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Patricia O'Connell
Senior Communications Manager

Plaintiffs in Pocomoke City Race Discrimination Case Refute Defendants’ Baseless Attempts to Excuse Misconduct, Citing EEOC Support

June 2, 2016

Washington, DC—Yesterday, the plaintiffs in race discrimination and retaliation case Savage et. al. v. Pocomoke City et. al. filed their oppositions to the defendants’ opening motions, including five separate motions to dismiss the federal lawsuit. Plaintiffs are three African-American police officers formerly employed in Pocomoke City and Worcester County, Maryland, including the Pocomoke City’s first Black police chief. In their filings, the plaintiffs advised the court that, after a thorough investigation, the U.S. Equal Employment Opportunity Commission (EEOC) had found “reasonable cause” to believe that the plaintiffs’ claims of discrimination and retaliation were well founded.

Earlier this year, Wiley Rein LLP, the Washington Lawyers’ Committee for Civil Rights and Urban Affairs (WLC), and the ACLU of Maryland jointly filed suit on behalf of the plaintiffs in the U.S. District Court for the District of Maryland, challenging a conspiracy of race discrimination and retaliation among white officials of Pocomoke City, the Worcester County Sheriff’s Office, the Worcester County State’s Attorney, and the Maryland State Police. The lawsuit asserted numerous causes of action on behalf of the plaintiffs based on the race-based discrimination and retaliation they endured, which are “clearly prohibited by federal and state laws as well as [the] Constitution.” The asserted causes of action seek to remedy violations of the First and Fourteenth Amendments, as well as the federal Fair Labor Standards Act. The lawsuit is pending before U.S. District Judge J. Frederick Motz.

In the papers filed yesterday, the plaintiffs argued that the government entities overseeing the Worcester County Criminal Enforcement Team (CET) were joint employers of then-Detective Franklin Savage when he was subjected to repeated racial epithets, references to the Ku Klux Klan (KKK), and the lynching of African-Americans on the Eastern Shore. The plaintiffs argued that they had adequately stated these allegations and allegations of further discrimination and retaliation against Savage, former Chief Kelvin Sewell, and former Lieutenant Lynell Green. The plaintiffs also offered the court new evidence of discrimination, including a “circle of trust” posted in the CET squad room that included all six white members of the CET and excluded only Detective Savage.

In the papers, the plaintiffs also advised that they expect to soon add claims under Title VII of the Civil Rights Act of 1964. The EEOC recently advised based on its official investigation, it had “reasonable cause” to find “unlawful employment practices” by Pocomoke City, the Pocomoke City Police Department, the Worcester County Sheriff’s Office, and the Worcester County State’s Attorney. Conciliation between the EEOC and several of those defendants has failed, and the charges are now in the hands of the Department of Justice for review. After that review is complete, the plaintiffs will seek to amend their complaint.

Andrew G. McBride, chair of Wiley Rein’s Communications Appellate & Litigation Practice and lead counsel for the plaintiffs, stated: “With the EEOC findings and the proffer of additional acts of discrimination, we are hopeful that Judge Motz will reject the defendants’ motions to dismiss and allow the case to go forward to discovery. We are also hopeful that the U.S. Department of Justice, which is now considering the EEOC findings, will decide to support the plaintiffs in the litigation.”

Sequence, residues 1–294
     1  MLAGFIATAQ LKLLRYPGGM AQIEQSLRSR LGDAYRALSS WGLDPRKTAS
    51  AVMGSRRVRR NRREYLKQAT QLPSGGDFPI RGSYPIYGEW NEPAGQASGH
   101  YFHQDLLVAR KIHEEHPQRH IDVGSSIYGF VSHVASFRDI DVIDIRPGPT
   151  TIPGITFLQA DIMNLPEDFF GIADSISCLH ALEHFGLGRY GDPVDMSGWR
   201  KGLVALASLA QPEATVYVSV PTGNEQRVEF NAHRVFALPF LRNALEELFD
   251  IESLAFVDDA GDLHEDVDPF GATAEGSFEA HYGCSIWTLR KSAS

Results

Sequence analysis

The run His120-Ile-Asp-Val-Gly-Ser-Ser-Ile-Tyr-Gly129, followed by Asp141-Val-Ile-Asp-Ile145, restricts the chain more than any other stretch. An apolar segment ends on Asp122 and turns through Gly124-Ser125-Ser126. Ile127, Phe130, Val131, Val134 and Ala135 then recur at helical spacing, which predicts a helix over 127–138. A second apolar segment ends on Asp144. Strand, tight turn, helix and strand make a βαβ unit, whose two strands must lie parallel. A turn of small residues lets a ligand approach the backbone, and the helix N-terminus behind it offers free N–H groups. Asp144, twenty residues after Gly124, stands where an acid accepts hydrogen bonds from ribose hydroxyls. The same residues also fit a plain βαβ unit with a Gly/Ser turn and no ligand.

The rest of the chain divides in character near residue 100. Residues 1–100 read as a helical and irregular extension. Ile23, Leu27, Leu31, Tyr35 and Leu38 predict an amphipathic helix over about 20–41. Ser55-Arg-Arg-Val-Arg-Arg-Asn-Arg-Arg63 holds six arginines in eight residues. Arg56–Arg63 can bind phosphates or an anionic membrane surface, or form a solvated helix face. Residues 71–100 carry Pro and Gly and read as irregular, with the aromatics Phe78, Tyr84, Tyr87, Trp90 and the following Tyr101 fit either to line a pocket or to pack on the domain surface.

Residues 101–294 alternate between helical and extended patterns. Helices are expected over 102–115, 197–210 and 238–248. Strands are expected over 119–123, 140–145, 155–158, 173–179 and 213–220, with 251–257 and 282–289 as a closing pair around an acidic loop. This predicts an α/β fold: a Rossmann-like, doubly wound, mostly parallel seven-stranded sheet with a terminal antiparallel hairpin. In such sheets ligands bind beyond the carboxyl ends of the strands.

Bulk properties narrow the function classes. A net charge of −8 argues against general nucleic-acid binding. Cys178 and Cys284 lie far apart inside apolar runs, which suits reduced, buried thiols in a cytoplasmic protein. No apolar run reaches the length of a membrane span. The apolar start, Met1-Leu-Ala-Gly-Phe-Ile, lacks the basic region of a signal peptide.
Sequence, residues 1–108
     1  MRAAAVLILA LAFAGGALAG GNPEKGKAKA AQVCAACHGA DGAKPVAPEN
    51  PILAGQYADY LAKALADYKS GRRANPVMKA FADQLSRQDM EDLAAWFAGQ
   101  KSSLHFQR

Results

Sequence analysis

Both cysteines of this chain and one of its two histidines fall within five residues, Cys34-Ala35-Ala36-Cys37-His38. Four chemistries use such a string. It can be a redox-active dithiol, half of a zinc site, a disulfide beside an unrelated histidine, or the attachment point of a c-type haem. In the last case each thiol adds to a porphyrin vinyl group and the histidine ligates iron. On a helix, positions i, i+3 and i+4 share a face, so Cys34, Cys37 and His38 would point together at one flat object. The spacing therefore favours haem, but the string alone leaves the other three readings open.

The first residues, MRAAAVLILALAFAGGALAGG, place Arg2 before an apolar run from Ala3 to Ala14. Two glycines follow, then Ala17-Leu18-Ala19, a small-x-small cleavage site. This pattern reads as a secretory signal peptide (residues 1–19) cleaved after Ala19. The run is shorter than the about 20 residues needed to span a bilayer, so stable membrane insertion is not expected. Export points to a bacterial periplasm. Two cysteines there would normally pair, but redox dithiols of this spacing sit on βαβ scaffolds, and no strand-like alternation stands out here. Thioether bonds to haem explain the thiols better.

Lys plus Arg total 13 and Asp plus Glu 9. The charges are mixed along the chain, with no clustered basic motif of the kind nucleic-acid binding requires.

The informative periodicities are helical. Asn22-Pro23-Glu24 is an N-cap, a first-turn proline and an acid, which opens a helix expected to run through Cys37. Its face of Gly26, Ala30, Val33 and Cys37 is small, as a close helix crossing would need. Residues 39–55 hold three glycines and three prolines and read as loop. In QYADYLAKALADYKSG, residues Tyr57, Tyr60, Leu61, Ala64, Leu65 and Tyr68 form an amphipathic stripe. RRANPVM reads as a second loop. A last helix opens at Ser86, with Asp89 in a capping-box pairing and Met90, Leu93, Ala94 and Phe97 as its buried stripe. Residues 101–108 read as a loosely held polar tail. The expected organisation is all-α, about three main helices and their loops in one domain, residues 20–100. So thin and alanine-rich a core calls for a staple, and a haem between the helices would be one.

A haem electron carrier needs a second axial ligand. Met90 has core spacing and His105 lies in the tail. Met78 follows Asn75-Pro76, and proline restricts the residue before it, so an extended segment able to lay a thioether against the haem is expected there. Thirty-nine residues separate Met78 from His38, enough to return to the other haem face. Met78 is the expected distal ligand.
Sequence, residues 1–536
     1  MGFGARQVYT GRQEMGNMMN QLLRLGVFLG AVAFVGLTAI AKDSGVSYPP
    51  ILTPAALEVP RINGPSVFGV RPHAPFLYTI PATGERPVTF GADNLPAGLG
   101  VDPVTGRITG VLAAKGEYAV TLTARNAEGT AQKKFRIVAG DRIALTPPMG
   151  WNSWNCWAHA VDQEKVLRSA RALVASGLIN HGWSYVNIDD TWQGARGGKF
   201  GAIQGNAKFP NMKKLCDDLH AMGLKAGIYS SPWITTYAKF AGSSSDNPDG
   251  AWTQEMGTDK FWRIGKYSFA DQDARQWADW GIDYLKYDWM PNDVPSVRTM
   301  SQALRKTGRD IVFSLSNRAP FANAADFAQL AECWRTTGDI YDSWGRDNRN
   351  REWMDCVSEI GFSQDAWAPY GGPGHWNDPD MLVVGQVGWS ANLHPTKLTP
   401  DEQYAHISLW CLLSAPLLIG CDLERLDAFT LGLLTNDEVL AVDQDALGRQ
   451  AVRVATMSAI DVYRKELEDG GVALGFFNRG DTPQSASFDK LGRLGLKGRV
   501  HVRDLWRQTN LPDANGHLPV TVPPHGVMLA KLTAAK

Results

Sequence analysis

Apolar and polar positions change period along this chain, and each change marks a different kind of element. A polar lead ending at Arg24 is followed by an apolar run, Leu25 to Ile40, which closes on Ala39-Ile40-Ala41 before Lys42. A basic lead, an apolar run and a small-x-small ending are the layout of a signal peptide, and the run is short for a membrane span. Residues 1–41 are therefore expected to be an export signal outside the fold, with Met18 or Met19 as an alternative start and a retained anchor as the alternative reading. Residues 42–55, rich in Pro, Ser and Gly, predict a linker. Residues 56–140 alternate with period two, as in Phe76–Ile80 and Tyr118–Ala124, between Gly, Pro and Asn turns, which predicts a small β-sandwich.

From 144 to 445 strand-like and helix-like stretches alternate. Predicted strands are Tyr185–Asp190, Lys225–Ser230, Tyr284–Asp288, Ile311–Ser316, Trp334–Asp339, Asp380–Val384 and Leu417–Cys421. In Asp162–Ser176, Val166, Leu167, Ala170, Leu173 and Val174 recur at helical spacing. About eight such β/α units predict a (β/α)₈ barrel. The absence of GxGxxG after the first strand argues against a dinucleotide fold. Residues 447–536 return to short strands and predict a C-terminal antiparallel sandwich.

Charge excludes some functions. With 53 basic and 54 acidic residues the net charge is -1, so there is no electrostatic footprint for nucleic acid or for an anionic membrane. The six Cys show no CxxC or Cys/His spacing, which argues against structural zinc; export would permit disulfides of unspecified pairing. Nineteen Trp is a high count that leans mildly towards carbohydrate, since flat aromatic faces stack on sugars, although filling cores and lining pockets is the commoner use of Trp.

Mr. McBride expressed particular surprise over the positons taken by Maryland Attorney General Brian E. Frosh on behalf of the Maryland State Police (MSP). “The MSP defendants actually deny that ‘anything untoward’ happened when white officers drove Detective Savage to what they called ‘KKK Lane’ and discussed lynching and possession of white hoods and ropes during the incident,” Mr. McBride said. “I think Attorney General Frosh should take a hard look at his position in this case, particularly after the EEOC findings. He is on the wrong side of justice in this matter.”

“If these bad actors really think they will prevail by arguing that nothing illegal happened, they are doing a true disservice to the taxpayers in their communities,” said Dennis A. Corkery, senior staff attorney with the WLC and plaintiffs’ co-counsel.

“The blatant racism and retaliation experienced by these Black officers has now been recognized for what it was, following an independent review by the federal Equal Employment Opportunity Commission. We can only hope that the officials in Pocomoke City and Worcester County – as well as the government lawyers representing them – finally stop their stonewalling and act swiftly to remedy the egregious injustice that has been done here, both to the plaintiffs and to the entire Pocomoke community,” said Deborah A. Jeon, Legal Director of the ACLU of Maryland and plaintiffs’ co-counsel.

Representing the plaintiffs on a pro bono basis, Mr. McBride serves as lead counsel. Mr. Corkery and Director of Litigation Matthew Handley of the WLC, and Ms. Jeon of the ACLU of Maryland, serve as co-counsel. The Wiley Rein team includes numerous associates; those appearing on the plaintiffs’ behalf are Christen B’anca Glenn, Dwayne D. Sam, Brian Walsh, Craig Smith, and Craig G. Fansler. For biographies of the lead attorneys, please click here.

To view the plaintiffs’  filings from yesterday, please see below: